OH!  Don’t forget about the upcoming 2014 interview with our favorite liberation theologian Joerg Rieger -  Religion, Theology, and Class: Fresh Engagements after Long Silence (New Approaches to Religion and Power). It shall be EPIC.

All in all it looks like there is something here on the list for every theology nerd in your life!    I will also ask Callid & Tripp if they have a couple of suggestions …

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Oh Lord! You can’t say ‘Oh’ instead of ‘Lord’? (nature of language)

On the TV show ‘The Voice’ last night, the final 8 contestants did a rendition of the popular hymn  “Will The Circle Be Unbroken?”  The controversy came, not because they were singing a religious song but because the producers of the show changed a word – an important word. the voice

They swapped out “Lord” for “Oh” – a sort of musical place-holder (at worse) or an emotional sentiment (at best).

As all things in the 21st century are prone to do, it blew up on the Twitter-verse. We live in what Deborah Tannen calls The Argument Culture where things are not just oppositional but adversarial.

I find this stuff fascinating.

Whether you take Nancey Murphy’s 2 pronged approach in Beyond Liberalism & Fundamentalism or George Lindbeck’s 3 tiered approach in The Nature of Doctrine - what you can not get away from is that your view of language is deeply impactful not just of your opinions but of your very experience of the world. I would add especially religions ones.

There are several ways this conversation could go:

One might question the very use of the word “Lord” in the 21st century. We don’t have Kings and Lords and commoners any more. The notion of referencing the ‘Lord’ is not just antiquated but indeed outdated. Some might even point to the abolition of slavery as a reasons to move on from this language.

Another might focus on concepts like ‘taking the Lord’s name in vain’. I, personally, think it is a good thing that people still take the Lord’s name in vain – no one takes Zues’ name in vain after all.

Some, however, want to focus on the idea that ‘taking the name in vain’ is not simply using God’s name to curse but attaching God’s name to things to which God does not belong. Case in point would be Donald Rumsfeld’s use of Bible verses on the cover of war briefings for President Bush.

Still another approach would be questioning the very need to address deity. The question here is that if there is a supreme being in the universe, don’t you think that she/he/they/it would know about something and the intention behind it even if their name was not invoked?  Prayers, for instance, make it to the ears of God even if someone does not say “God” first. You would think that a God would hear those prayers regardless if someone got the letter on the envelope correct.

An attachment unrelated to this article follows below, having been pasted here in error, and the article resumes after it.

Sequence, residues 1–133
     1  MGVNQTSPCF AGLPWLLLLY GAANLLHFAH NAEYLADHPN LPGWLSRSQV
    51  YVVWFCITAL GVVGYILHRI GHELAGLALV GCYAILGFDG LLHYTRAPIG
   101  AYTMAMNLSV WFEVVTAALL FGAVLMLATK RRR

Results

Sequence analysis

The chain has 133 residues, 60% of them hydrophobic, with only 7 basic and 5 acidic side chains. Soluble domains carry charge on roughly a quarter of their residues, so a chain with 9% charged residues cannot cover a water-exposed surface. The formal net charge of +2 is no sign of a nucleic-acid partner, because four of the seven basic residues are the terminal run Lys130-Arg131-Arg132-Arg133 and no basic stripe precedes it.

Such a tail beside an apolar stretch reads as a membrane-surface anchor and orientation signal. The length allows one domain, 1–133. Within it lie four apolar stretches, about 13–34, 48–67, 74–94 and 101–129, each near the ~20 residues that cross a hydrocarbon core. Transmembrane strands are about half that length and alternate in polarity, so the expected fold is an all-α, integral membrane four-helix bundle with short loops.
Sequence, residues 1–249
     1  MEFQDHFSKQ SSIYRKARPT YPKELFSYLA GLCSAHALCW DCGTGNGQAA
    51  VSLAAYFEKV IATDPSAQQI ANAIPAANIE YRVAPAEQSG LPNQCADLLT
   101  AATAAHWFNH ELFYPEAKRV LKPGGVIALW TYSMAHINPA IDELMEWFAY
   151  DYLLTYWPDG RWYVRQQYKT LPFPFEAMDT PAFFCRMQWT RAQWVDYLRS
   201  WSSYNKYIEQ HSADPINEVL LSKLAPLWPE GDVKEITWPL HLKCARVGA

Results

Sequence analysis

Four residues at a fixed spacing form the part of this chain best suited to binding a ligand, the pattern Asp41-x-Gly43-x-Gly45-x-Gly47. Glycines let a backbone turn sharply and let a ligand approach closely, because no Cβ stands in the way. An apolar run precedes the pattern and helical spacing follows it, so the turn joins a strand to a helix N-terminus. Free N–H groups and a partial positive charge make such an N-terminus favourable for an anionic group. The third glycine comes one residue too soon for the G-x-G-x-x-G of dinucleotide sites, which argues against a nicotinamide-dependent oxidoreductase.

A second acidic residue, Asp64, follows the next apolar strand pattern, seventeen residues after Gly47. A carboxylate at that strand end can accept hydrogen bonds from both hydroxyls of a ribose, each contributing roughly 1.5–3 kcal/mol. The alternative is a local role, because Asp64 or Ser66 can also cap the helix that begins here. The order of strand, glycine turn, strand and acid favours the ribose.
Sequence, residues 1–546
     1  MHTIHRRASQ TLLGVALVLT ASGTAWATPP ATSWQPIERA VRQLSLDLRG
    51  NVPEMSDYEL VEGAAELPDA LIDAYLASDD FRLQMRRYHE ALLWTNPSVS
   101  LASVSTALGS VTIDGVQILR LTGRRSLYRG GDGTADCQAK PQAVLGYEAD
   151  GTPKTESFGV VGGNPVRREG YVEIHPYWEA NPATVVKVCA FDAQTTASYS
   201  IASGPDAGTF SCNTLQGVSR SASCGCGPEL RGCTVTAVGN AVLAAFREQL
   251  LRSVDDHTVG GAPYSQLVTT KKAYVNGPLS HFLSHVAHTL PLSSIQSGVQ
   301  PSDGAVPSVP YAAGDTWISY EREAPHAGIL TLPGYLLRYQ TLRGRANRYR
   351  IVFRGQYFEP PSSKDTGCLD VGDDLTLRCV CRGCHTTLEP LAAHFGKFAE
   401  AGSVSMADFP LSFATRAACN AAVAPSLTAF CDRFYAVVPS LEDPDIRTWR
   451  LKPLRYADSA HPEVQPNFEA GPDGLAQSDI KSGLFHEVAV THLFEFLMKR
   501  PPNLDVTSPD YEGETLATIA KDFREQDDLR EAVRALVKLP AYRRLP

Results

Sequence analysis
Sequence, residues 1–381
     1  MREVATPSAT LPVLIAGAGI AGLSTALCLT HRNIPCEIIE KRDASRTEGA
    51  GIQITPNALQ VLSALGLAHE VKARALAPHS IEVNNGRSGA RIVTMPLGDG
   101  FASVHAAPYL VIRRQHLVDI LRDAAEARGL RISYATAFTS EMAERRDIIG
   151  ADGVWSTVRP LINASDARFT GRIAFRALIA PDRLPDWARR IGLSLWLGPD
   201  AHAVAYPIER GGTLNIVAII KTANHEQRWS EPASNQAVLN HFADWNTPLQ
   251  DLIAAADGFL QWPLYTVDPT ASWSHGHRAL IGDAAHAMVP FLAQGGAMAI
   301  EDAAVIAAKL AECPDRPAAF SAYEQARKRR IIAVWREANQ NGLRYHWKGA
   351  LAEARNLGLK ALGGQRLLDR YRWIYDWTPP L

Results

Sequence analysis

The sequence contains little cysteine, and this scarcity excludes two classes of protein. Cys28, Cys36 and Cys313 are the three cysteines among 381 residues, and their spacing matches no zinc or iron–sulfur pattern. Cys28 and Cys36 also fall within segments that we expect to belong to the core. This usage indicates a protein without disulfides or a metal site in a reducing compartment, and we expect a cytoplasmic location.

It needs to be said though that there are many who believe exactly that! In issues of salvation one needs to use the specific name of Jesus or it does not count. God is usually believed to be bi-lingual so Spanish speakers can use the alternative pronunciation of Jesus. Critics would point out that neither Jesus nor the apostles spoke English but that is for a different day …

This also relates to the sacrament of Baptism. Many controversies and even schisms have centered on in whose name you were baptized. The formulation matters to this crew! And if you didn’t get it right you will need to be re-baptized or it didn’t count. I have been asked by many people if I baptize in “Jesus name only” or “in the name of the Father, Son and Holy Spirit”.  I have subsequently been told by both groups that I am doing it wrong and that the people I baptized are not really baptized.

 

Which brings us back to the Voice controversy. It is permissible to say ‘Oh’ instead of ‘Lord’ during a hymn?

I am not so much interested in offering an answer here as I am to look at how people’s view of language impacts their approach to such issues.

If you believe language is representative, then you will say that these symbols (in the case l-o-r-d)  represent that which they reference. Getting that right is essential because otherwise you are talking about something else.

If you believe that language is expressive, then you will say that language is not univocal and only expresses that which it wishes to reference. Language is both inexact and it is mutable.

Believing that language is univocal (representative) or equivocal (expressive) deeply impacts both how you respond to controversies such as changing the words of a hymn and what kind of internal permissions  – or orientation – you have when you approach matters of religion.